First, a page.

Tax and regulation, tax and regulation. You can't drive the Big Boys out like this; as soon as people stop buying their products they will simply switch to some other tactic in order to encourage sales. Smoking began to drop away, but then the ad-men made it look cool and teenagers took it all up again. You gotta sock the psychology into oblivion; that is what sells the product.

    • rate this

      Comment number 1512.

      Mike from Brum: I very much doubt any sane person would want to have anything to do with your life, let alone your beer belly.

    • rate this

      Comment number 1511.

      if people are obese and they work, well, that is their problem, when people on benefits are obese, then it becomes the tax payers problem, and it makes you wonder if these fatties get paid extra money to pile on the pounds, i feel sick when i see really big people, especially the black leggings brigade, they don't even bother to hide the layers of sloppy fat surrounding them!! disgusting

    • rate this

      Comment number 1510.

      funny as that sounds - no anyone can be thin if then choose, so they make the choice and get the result. They can even change their mind and lose weight!
      It's just being fat that can only be achieved with enough money for the junk fun and the ability for whatever reason (car + no job/office job) to do no exercise.

    • rate this

      Comment number 1509.

      I think a thorough solution aimed at changing lifestyles will never happen given the short term, money obsessed views of successive governments.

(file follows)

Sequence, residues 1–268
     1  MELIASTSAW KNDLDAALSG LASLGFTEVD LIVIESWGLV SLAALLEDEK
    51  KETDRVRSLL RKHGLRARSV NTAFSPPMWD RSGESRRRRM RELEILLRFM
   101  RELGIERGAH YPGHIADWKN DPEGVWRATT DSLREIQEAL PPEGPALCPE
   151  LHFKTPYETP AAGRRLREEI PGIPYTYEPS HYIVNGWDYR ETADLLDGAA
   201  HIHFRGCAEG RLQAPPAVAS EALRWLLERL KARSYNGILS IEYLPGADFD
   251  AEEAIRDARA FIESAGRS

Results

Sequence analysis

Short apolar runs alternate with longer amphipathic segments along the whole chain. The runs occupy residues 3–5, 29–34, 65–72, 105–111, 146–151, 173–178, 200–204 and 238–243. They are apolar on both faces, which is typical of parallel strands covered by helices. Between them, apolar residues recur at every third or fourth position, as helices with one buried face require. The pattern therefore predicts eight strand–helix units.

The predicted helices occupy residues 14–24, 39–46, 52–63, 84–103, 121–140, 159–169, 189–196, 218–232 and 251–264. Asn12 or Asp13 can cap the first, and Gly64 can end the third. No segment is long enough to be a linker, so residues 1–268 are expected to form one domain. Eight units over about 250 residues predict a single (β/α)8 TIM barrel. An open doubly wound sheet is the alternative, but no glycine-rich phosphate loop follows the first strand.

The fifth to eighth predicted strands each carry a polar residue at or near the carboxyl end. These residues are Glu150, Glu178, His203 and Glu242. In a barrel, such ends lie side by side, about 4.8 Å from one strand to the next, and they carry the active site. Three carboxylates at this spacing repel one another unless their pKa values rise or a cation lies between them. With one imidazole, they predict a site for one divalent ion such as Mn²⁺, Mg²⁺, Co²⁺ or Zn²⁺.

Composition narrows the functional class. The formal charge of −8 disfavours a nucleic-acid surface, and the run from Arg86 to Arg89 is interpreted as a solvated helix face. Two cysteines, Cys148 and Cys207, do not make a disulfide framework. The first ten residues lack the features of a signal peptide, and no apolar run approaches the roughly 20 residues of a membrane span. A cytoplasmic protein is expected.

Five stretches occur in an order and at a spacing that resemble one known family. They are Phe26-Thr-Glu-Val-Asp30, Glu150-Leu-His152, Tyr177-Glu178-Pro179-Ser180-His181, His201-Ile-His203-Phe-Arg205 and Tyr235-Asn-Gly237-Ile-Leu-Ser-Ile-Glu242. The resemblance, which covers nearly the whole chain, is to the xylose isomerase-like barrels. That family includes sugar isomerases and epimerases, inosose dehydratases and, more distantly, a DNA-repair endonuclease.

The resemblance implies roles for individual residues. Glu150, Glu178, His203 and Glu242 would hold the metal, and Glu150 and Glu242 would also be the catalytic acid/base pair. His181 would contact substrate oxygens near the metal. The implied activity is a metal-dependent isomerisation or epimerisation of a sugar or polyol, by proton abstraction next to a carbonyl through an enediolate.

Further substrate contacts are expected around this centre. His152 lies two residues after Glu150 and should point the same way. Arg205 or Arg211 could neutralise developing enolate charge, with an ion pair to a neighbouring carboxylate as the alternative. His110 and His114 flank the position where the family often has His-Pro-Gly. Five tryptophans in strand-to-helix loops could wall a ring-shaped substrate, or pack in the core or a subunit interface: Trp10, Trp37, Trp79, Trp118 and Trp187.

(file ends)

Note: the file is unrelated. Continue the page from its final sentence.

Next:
If this tax is to go ahead what will it be used for? Perhaps subsidising free swimming for children and the obese would be a start, or has it already been earmarked for further aid to India?

    • rate this

      Comment number 1508.

      I mainly drink cola because where I live the tap water is disgusting, smells faintly of chlorine or something, and even when filtered is still terrible.

      I can't afford Evian so what else is there to drink? I also drink coffee - they'll start taxing that next!!!

      I'm all for taxation to run the country but this "tax them till they stop doing it" attitude needs to be stopped right here, right now.

    • rate this

      Comment number 1507.

      Fizzy drinks are already taxed- 20%. They ae already too expensive for what they are , water and sugar. I have no faith in the medical profession if they think fizzy drinks are responsible for people looking like the chap in the photo.
      Too much fat is the reason from chips, pies, cakes and high carbohydrtaed food. Too little ruffage.

    • rate this

      Comment number 1506.

      Why not use the extra tax revenue an initiative such as this would raise to subsidise healthy foods? That way those who eat a balanced diet would see no change in the cost of their weekly shop

    • rate this

      Comment number 1505.

      Working in the community pharmaceutical setting I have been given a unique insight into this issue, and one thing I have always constantly encouraged is the application of exercise and reducing portions.

      It is really that simple, eating less calories and burning more during a day against how many a person eats will provide weight loss.

    • rate this

      Comment number 1504.